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Revista chilena de historia natural

versión impresa ISSN 0716-078X

Resumen

URIBE, Sandra V  y  ESTADES, Cristián F. Reptiles in Monterey pine plantations of the Coastal Range of Central Chile. Rev. chil. hist. nat. [online]. 2014, vol.87, pp.1-8. ISSN 0716-078X.  http://dx.doi.org/10.1186/S40693-014-0025-Z.

BACKGROUND: In Chile, most of the timber industry depends on Monterey pine (Pinus radíala (D. Don.)) plantations, which now cover more than 1.5 million ha. In spite of the intensive management of these plantations, they are home to a large number of wildlife species. One of the least known groups in this type of environment are reptiles. For this reason, we conducted a study on the distribution and abundance of reptiles at plantations of different ages in seven sites in the Coastal Range of Central Chile. RESULTS: From seven species that could be potentially found in the study region, a total of five species were recorded, with Liolaemus lemniscatus (Gravenhorst) being the most abundant (with up to 160 ind*ha-1). Detectability of species was similar in young and mature plantations but Liolaemus tenuis (Duméril and Bibron), the most colorful species, showed a higher detection probability than the other species. The highest abundance of reptiles was found in young plantations, and the density of L. lemniscatus and Liolaemus chiliensis (Lesson) declined significantly with plantation development. Liolaemus schroederi (Müller and Hellmich) increased significantly its numbers in 4- to 5-year-old plantations and remained with similar densities in mature plantations. L. tenuis density was low in all plantations and showed no relationship with age. The snake Philodryas chamissonis (Wiegmann) was recorded very few times and only in young plantations. Vegetation characteristics explained a significant proportion of the variation in the abundance of reptiles, with dense understories negatively affecting the abundance of lizards, likely by reducing the amount of heat and sunlight reaching the plantation's interior. The type of microhabitats with the highest number of lizard records was scrub and harvest debris. CONCLUSIONS: This work confirms the role of pine plantations as habitat for an important proportion of reptile species in South Central Chile and provides some relationships with management variables that can be used to enhance the contribution of these artificial forests to biodiversity conservation.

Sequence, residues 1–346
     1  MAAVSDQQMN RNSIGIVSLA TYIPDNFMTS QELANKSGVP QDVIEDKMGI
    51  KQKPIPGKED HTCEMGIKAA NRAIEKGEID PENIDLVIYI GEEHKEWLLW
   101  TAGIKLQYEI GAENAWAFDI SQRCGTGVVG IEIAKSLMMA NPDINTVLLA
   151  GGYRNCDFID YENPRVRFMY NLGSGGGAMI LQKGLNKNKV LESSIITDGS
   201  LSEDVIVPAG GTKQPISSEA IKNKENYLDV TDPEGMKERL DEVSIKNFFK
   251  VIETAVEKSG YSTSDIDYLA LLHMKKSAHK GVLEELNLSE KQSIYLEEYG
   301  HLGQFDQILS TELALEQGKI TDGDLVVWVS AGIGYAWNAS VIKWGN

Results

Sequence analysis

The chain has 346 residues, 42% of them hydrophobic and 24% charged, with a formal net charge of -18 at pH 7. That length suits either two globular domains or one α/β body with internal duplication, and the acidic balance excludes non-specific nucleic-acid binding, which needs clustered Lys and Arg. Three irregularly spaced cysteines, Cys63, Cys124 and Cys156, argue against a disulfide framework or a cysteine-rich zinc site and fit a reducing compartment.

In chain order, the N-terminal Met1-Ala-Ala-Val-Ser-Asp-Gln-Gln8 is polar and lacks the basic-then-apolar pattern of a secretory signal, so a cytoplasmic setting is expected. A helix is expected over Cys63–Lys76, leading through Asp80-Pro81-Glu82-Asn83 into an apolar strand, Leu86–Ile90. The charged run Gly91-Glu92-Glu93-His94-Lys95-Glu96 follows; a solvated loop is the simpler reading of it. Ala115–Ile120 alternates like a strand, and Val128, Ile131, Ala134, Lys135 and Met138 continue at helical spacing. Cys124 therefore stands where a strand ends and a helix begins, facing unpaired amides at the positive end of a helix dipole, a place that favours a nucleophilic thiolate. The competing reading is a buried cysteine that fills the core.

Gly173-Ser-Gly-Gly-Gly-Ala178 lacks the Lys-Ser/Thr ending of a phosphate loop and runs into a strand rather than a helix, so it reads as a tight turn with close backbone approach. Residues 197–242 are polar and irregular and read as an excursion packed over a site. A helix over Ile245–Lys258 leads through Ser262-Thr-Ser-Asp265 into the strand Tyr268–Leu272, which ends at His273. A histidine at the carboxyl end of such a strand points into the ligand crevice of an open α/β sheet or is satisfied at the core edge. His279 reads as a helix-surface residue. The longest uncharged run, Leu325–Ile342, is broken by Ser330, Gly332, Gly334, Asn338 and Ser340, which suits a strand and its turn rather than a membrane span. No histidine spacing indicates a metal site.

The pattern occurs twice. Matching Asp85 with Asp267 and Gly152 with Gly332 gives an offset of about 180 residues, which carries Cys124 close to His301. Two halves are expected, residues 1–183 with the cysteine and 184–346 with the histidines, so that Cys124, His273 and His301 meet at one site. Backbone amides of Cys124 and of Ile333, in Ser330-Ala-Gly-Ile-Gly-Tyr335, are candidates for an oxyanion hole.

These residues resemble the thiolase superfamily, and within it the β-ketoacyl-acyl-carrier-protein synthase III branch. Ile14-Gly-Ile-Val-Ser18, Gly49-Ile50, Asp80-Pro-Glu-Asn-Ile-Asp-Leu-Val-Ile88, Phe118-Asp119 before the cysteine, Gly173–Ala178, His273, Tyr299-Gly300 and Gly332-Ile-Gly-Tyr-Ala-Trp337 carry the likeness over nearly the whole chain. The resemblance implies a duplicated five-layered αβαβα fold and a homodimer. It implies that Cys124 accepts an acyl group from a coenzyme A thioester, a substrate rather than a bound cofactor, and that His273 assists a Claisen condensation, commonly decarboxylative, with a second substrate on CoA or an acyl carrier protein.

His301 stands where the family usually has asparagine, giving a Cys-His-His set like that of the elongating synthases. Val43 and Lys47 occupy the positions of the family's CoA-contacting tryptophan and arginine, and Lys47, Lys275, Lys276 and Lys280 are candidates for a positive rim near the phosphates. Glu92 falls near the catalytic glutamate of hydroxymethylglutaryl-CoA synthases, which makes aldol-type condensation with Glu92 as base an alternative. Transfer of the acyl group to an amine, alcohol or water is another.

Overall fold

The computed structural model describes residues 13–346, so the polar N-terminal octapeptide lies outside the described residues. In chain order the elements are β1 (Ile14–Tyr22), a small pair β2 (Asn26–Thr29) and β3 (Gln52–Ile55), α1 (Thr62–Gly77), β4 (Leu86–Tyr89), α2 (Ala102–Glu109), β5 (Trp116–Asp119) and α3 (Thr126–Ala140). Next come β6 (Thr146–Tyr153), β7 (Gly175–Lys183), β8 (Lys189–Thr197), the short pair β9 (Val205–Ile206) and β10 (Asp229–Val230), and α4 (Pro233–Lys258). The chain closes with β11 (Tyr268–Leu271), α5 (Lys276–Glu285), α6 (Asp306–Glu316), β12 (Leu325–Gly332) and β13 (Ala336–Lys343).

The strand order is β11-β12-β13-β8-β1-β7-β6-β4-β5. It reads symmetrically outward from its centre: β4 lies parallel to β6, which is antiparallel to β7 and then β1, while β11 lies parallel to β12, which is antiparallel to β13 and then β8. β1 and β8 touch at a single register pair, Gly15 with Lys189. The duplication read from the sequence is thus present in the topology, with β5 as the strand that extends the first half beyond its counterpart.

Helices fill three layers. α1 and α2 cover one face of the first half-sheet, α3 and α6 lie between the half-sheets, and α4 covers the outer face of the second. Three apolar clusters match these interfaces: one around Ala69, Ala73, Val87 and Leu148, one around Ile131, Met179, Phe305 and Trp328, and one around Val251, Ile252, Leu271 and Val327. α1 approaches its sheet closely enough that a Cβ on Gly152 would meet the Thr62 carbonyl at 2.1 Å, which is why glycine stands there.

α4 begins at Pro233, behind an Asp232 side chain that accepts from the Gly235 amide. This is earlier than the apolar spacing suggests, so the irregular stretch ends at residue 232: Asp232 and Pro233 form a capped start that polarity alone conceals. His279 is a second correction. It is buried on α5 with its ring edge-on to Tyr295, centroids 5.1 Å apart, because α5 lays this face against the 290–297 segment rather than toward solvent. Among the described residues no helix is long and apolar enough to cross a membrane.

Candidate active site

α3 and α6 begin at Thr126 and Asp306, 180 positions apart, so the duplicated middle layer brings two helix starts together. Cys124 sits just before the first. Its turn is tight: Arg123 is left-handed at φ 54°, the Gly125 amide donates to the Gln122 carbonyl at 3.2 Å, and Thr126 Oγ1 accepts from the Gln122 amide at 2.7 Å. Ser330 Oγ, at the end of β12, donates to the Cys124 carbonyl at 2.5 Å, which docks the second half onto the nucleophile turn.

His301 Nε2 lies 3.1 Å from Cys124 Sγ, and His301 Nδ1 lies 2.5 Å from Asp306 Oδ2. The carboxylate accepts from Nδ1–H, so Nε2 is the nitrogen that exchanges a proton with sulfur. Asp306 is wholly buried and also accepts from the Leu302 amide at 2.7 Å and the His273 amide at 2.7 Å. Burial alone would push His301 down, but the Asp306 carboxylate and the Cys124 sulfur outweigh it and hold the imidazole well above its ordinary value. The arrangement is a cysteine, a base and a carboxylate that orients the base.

Palabras clave : Abundance; Detectability; Habitat use; Understory; Plantation; Lizard.

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